FAA Awards $92M for Airport Net-Zero Emission Goals

The funding will go toward solar panels, electric infrastructure like buses and charging stations, and unleaded fuel.

FAA airport grant

Colonel H. Weir Cook Terminal at Indianapolis International Airport, which received $22.5 million in FAA funding. [Courtesy: HOK]

The U.S. is committed to eliminating aviation emissions by 2050, and airports may be the first part of the industry to decarbonize.

On Tuesday, the FAA announced it has awarded $92 million in grants to 21 airports across the country. The funding will help airports reduce their Scope 1 and 2 emissions by installing solar panels and electric infrastructure (such as buses or charging stations), conducting electrification studies, and transitioning to unleaded fuel for piston-engine aircraft.

The funding is part of the FAA’s Airport Improvement Program (AIP), which will allocate supplemental discretionary grants worth up to $268 million by the end of September 2024. The AIP in turn falls under the agency’s Airport Climate Challenge, a collaboration between itself and U.S. airports to support the Biden administration’s net-zero objectives.

“We need to help airports transition their operations as quickly as possible to renewable power,” said Shannetta R. Griffin, P.E., associate administrator for airports at the FAA. “Our investments keep us on track for the net-zero goal.”

The FAA has already awarded more than $1.5 billion through standard and discretionary AIP grants in 2023—the full list as of June 15 can be found here. But the funding announced Tuesday is intended for specific sustainability projects at specific airports.

Indianapolis International Airport (KIND), for example, received about $22.5 million to build “energy efficient infrastructure” and install solar panels. Phoenix Sky Harbor International Airport (KPHX) received another $20 million to design and build “solar parking structures.”

An additional $4.2 million went to El Paso International Airport (KELP) in Texas, and Southeast Iowa Regional Airport (KBRL), La Porte Municipal Airport (KPPO), Centerville Municipal Airport (KTVK), and Decorah Municipal Airport (KDEH) in Iowa to install solar panels.

The FAA also awarded $44.5 million for airports to purchase electric vehicles, like buses, and electric transportation infrastructure like charging stations. About one-third of that money went to Portland International Airport (KPDX) in Oregon to build infrastructure for zero-emissions vehicles.

The rest of the money was spread across 12 airports, which are expected to spend it on electric buses and other zero-emissions vehicles, as well as chargers.

One airport, Prescott Regional Airport (KPRC) in Arizona, also earned $243,000 to devise a plan to safely transition its piston-engine planes to unleaded fuel.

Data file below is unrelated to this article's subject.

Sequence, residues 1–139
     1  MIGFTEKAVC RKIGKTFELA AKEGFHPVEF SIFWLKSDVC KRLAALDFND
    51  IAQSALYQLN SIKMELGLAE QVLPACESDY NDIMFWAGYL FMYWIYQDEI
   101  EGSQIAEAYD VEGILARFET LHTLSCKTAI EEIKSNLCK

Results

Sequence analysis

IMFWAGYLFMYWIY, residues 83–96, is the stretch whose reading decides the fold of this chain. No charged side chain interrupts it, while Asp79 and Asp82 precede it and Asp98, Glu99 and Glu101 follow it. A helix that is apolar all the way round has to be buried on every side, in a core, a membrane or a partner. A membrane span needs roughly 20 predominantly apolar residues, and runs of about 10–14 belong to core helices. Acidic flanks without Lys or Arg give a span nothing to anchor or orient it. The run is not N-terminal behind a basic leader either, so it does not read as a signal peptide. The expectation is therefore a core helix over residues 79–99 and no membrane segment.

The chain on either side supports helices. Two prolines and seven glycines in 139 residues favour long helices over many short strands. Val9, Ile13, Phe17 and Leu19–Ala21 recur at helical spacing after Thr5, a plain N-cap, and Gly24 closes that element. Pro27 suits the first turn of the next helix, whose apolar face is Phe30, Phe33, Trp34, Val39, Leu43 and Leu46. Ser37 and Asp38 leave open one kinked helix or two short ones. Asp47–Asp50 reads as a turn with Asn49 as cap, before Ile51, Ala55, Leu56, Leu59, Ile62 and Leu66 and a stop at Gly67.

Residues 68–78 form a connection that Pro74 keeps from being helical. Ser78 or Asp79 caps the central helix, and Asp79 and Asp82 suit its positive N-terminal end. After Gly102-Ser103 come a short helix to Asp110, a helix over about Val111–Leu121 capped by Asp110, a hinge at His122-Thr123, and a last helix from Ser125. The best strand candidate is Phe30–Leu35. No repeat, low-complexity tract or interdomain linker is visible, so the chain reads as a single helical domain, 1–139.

The AIP grants support the aims of the U.S. Aviation Climate Action Plan, a November 2021 initiative by the FAA supporting the White House’s decree to eliminate aviation emissions by 2050. So far, the program has allocated $100 million to research fuel-saving technologies and noise reduction and $327 million to electrify airport gates and vehicles. 

Another $35 million went to universities to help build sustainable aviation fuel (SAF) supply chains and reduce aircraft fuel burn and taxi time. Per the International Air Transport Association, SAF production tripled in 2022, and the White House introduced the SAF Grand Challenge in 2021 to support the production of 3 billion gallons per year by 2030.

According to the FAA, several airports have already reduced emissions significantly, among them Hartsfield-Jackson Atlanta International Airport (KATL), Dallas-Fort Worth International Airport (KDFW), and Denver International Airport (KDEN), the three busiest in the country.

However, aviation still contributed around 2 percent of U.S. greenhouse gas emissions in 2022, which doesn’t sound like much—until you do the math. Per the International Energy Agency, the U.S. emitted 4.7 gigatons of CO2 last year, which means the aviation sector accounted for around 940 million metric tons. That’s equivalent to what a combined 11.8 million homes would produce in a year from energy consumption.

The FAA will continue to award AIP grants through 2024, including via its Voluntary Airport Low Emissions (VALE) and Zero Emissions Vehicle and Infrastructure Pilot (ZEV) programs, which are available to certain airports based on need.

Jack is a staff writer covering advanced air mobility, including everything from drones to unmanned aircraft systems to space travel—and a whole lot more. He spent close to two years reporting on drone delivery for FreightWaves, covering the biggest news and developments in the space and connecting with industry executives and experts. Jack is also a basketball aficionado, a frequent traveler and a lover of all things logistics.

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